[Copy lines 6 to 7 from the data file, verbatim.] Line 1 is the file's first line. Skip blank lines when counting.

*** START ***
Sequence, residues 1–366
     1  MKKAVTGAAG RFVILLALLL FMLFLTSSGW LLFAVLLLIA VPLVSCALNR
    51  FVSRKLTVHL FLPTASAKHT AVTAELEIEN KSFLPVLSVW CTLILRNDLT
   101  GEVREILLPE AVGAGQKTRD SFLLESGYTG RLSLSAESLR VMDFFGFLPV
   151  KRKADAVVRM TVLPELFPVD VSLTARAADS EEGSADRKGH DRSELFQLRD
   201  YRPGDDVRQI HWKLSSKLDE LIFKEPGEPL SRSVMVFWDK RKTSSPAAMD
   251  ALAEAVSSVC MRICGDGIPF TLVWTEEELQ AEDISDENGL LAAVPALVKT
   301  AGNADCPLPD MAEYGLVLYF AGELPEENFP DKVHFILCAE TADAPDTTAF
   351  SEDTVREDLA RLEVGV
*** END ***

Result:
   201  YRPGDDVRQI HWKLSSKLDE LIFKEPGEPL SRSVMVFWDK RKTSSPAAMD
   251  ALAEAVSSVC MRICGDGIPF TLVWTEEELQ AEDISDENGL LAAVPALVKT